Secondary Outcome
Measure Time Frame
Cognitive task performance: Loss/risk aversion task Day 0, up to 12 weeks (post-CBT or matched time on waiting list)
Cognitive task performance: Go/no-go task Day 0, up to 12 weeks (post-CBT or matched time on waiting list)
Cognitive task performance: Facial emotional processing task Day 0, up to 12 weeks (post-CBT or matched time on waiting list)
Cognitive task performance: Emotional face recognition task Day 0, up to 12 weeks (post-CBT or matched time on waiting list)
Cognitive task performance: Visual affective bias task Day 0, up to 12 weeks (post-CBT or matched time on waiting list)
Regional activations during neuroimaging task: Facial emotional processing task Day 0, up to 12 weeks (post-CBT or matched time on waiting list)
Regional activations during neuroimaging task: Emotional face recognition task Day 0, up to 12 weeks (post-CBT or matched time on waiting list)
Regional activations during neuroimaging task: Visual affective bias task Day 0, up to 12 weeks (post-CBT or matched time on waiting list)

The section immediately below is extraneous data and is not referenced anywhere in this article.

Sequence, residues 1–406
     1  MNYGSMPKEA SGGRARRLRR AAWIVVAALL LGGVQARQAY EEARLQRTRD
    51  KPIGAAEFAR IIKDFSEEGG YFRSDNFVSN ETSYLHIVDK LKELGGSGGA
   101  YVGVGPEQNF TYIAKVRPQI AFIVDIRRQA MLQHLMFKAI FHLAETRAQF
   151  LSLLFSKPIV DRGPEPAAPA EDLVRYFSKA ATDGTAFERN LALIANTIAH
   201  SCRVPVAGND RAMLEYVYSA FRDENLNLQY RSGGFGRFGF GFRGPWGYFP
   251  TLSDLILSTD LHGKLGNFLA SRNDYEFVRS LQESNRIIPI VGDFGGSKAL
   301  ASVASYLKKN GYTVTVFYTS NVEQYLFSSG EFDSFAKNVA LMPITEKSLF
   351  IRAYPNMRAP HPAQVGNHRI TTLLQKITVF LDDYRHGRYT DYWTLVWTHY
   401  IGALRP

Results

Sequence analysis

Clinical symptom measure: Generalised Anxiety Disorder Scale (GAD-7) Screening, day 0, up to 12 weeks (post-CBT or matched time on waiting list)
Clinical symptom measure: State Trait Anxiety Inventory (STAI) Screening, day 0, up to 12 weeks (post-CBT or matched time on waiting list)
Clinical symptom measures: Patient Health Questionnaire (PHQ-9) Screening, day 0, up to 12 weeks (post-CBT or matched time on waiting list)
Clinical symptom measures: Beck's Depression Inventory (BDI) Screening, day 0, up to 12 weeks (post-CBT or matched time on waiting list)
Clinical symptom measures: Catastrophizing questionnaire Screening, day 0, up to 12 weeks (post-CBT or matched time on waiting list)
Clinical symptom measures: Daily Stress Inventory (DSI) Screening, day 0, up to 12 weeks (post-CBT or matched time on waiting list)
Clinical symptom measures: Behavioural Inhibition/Behavioural Activation Scales (BIS/BAS) Screening, day 0, up to 12 weeks (post-CBT or matched time on waiting list)
Clinical symptom measures: Eysenck Impulsiveness Scale Screening, day 0, up to 12 weeks (post-CBT or matched time on waiting list)
Enrollment 174
Condition
Intervention

Intervention Type: Behavioral

Intervention Name: Cognitive Behavioural Therapy